In an astonishingly short time, however, as the percentage of smokers declined and the dangers of second-hand smoke were widely publicized, it was the smokers who were put on the defensive. Now it is they who are subjected to restrictions by the will of the majority – the nonsmokers – who often are accused of “smoke-shaming” those who still practice the habit. If you want to know how widespread this is, start here.
Today, many smokers complain that they are picked on, insulted, or scolded by zealous nonsmokers. They feel abused, harassed, and humiliated by having to find a place where smoking is allowed in order to light up. They feel like the Biblical lepers, condemned to isolation and expected to cry out, “Unclean! Unclean!” whenever anyone approached.
Alas, smokers have brought this opprobrium upon themselves. It is their habits left over from the days when they were the majority and could do as they pleased that are subjecting them to the hostility of the new majority who are exercising their authority, which is backed not only by their numbers, but also by law.
Let me say categorically that I know that not all smokers are slovenly, heedless, or inconsiderate. Many are quite conscientious about respecting the environment and rights of nonsmokers. I appreciate that. I really do.
However, there remains a large contingent of the smoking cohort who act as if nothing has changed and that the practices of the 1950s are still acceptable. They are the ones who bring shame and dishonor upon all smokers. They are the ones who boorishly refuse to clean up their act.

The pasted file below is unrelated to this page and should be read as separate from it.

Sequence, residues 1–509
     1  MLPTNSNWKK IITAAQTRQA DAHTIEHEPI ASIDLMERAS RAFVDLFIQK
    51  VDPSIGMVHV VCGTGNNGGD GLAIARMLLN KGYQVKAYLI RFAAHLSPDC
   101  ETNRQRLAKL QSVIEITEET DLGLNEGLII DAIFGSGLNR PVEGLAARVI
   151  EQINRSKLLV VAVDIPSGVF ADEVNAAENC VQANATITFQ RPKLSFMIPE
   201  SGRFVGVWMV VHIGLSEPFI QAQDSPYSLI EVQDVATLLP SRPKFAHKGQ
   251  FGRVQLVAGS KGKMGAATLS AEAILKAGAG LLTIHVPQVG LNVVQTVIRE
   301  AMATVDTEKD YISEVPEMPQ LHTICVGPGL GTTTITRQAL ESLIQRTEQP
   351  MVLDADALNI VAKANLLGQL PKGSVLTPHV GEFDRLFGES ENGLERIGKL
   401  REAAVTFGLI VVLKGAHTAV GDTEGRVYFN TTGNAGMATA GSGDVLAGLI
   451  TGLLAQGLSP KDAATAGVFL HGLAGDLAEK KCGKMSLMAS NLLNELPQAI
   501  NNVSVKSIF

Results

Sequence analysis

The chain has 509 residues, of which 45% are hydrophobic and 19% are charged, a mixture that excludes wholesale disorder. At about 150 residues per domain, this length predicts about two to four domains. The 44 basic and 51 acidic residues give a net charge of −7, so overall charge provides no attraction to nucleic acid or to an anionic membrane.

Smokers, if you would be better received and better regarded, here are some ways to accomplish that:
First, stop treating the world as your ashtray. One winter years ago, the house across the street from me caught fire. Most of the neighborhood gathered in my yard to watch that fire all night. The next spring, when the snow melted, I found my lawn was wall-to-wall cigarette butts. That happens anywhere crowds gather. People who would never think of common littering still consider tossing a used cigarette on the ground acceptable behavior.
So, smokers who do that, please stop. It’s not only unsightly, but those butts take years or decades to decompose, and contribute toxins to the environment. Tossing butts is also dangerous. I’ve personally seen mulch fires started around the landscaping in front of buildings. And stop throwing butts out of your car windows, too. A few years ago a butt thrown from a passing car ignited a fire in a load of cardboard in the bed of a pickup truck on I-75 in northwestern Ohio.
So use the ashtray in your car. I am aware that most cars are no longer built with ashtrays in them, but you can buy one. You can get them for free here. When your ashtray is full of butts, dispose of them properly. Don’t just open your door and dump them on the pavement for the taxpayers to clean up.